Eating Fast is an Addiction

The Weigh In

I was 199.7 today, 201.5 yesterday and 197.2 just four days ago. What happened? Well four days ago, I went to the rodeo/carnival. It was also the day my folks left after visiting for two weeks. We wound up missing the rodeo because it sold out, so I sorta drowned my sorrows in food.

Food is a Drug Too

What I’ve noticed over these past few months is that food and eating fast is pretty much an addiction. Once you fall off the wagon of One Minute Bite and go back to eating way too much, way too fast, it’s hard to get back in line. I noticed that after gaining four pounds on Saturday, it was hard to get back to One Minute Bite come Sunday. Then today, it was easy to stay in line, but in between meals my body was craving/yearning to be stuffed again like it was on Saturday.

I know for many hugely obese people, food is an addiction. However, I didn’t think it was hugely obese at 250. Maybe I was though. Maybe I was slowly on my way to becoming 300 then 350. I can’t honestly say whether I was or wasn’t. To be honest, that in and of itself is pretty scary.

What’s so Addicting about Food/Eating?

To be honest, I’m not entirely sure. For me, there’s something about feeling immensely stuffed. While being super stuffed isn’t good, there’s something about coming down from the bursting point. I think it helps me feel more satisfied because it’s much more noticeable in between meals. You feel fuller after the meal and you definitely feel hungrier before the next meal. The sad thing is though, that its not healthy and it’s a vicious cycle.

As you get bigger, it’s harder and harder to feel that stuffed without eating more and more food. This means it’s harder to have that experience of going from full to hungry. As you get bigger, you start to care less and less about how you look. You start to think things like, “Well, I’m already fat so why does it matter how much I eat?”

Over-eating, or eating too fast, is probably more a reflection of our self-confidence then we’d like to admit. I’m not saying every skinny person is confident or anything like that. I’m just saying that I bet most people are healthy and in decent shape, probably love themselves more than people who are unhealthy and not in shape. I don’t think it’s necessarily a conscience thing either. We each have our hidden secrets that we don’t like about ourselves. We have things we constantly beat ourselves up with that no one knows about.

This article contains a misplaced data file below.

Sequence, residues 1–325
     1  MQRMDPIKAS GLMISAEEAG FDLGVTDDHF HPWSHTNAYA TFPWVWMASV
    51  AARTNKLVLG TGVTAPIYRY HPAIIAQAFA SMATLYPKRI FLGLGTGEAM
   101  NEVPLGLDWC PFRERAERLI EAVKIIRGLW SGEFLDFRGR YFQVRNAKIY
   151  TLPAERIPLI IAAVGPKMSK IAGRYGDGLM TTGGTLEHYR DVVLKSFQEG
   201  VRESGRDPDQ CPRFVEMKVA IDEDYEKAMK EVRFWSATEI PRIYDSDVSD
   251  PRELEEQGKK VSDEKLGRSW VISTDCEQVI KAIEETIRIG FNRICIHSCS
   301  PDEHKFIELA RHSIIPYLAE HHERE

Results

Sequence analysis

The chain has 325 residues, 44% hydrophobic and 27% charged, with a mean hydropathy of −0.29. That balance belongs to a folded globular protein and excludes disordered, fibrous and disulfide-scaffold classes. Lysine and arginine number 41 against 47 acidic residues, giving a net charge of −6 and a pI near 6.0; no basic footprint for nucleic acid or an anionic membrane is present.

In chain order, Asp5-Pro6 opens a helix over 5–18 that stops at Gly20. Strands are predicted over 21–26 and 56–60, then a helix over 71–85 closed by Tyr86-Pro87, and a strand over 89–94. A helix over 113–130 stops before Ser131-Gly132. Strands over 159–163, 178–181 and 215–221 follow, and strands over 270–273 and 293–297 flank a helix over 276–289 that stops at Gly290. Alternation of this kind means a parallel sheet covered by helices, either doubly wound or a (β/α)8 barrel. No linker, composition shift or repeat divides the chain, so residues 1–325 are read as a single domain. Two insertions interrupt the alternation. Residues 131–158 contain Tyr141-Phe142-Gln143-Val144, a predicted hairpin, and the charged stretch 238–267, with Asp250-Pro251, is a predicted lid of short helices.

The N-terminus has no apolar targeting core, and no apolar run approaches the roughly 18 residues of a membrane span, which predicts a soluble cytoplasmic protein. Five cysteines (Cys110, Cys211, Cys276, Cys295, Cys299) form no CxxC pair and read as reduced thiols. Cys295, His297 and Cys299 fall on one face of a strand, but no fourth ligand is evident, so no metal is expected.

In order to be successful with One Minute Bite, it’s necessary to find out some of those things and correct them. It’ll be hard to do, but it’ll make doing the diet plan that much easier. I know when I mentally tell myself, “You’re so stupid for doing…” I find myself eating more food and eating it quicker. Usually though, if I take a look back a few days later I’ll see that it wasn’t all that bad. In fact, I wind up doing more damage to myself by over-eating than I do by making whatever mistake I was beating myself over.

We’re human. We make mistakes. We’re not perfect. We deserve happiness and we need to be healthy to properly enjoy it.

About Tom

I'm the founder of the One Minute Bite. I'm fat, but I don't do anything extreme that should make me fat...or so I thought. After taking a look at my habits and of those around me, I noticed something: Most people eat way too fast. I created One Minute Bite to help fight that. This website will track my progress as I put this diet plan to the test.

Comments

  1. Shalom Wagshul says:

    Hi there! Before coming to this website, I had stumbled across the same idea of waiting one minute in between bites. I’ve been doing it for a few days until now. It really works to curb your hunger!

    • I agree. It’s pretty amazing how it works. The hard part is finding the patience to maintain the slow pace of eating.

Trackbacks

  1. [...] 1)   Discomfort emotionally 2)   A lack of presence 3)   Being BUSY, not prioritizing eating as both a health practice and pleasure 4)   Fear (see all of the above) 5)   Overwhelmingly hungry because I waited too long since my last meal or snack 6)  (Not my personal experience), but one article I did find spoke about Addiction (read more on his opinion) [...]

  2. [...] 1)   Discomfort emotionally 2)   A lack of presence 3)   Being BUSY, not prioritizing eating as both a health practice and pleasure 4)   Fear (see all of the above) 5)   Overwhelmingly hungry because I waited too long since my last meal or snack 6)  (Not my personal experience), but one article I did find spoke about Addiction (read more on his opinion) [...]

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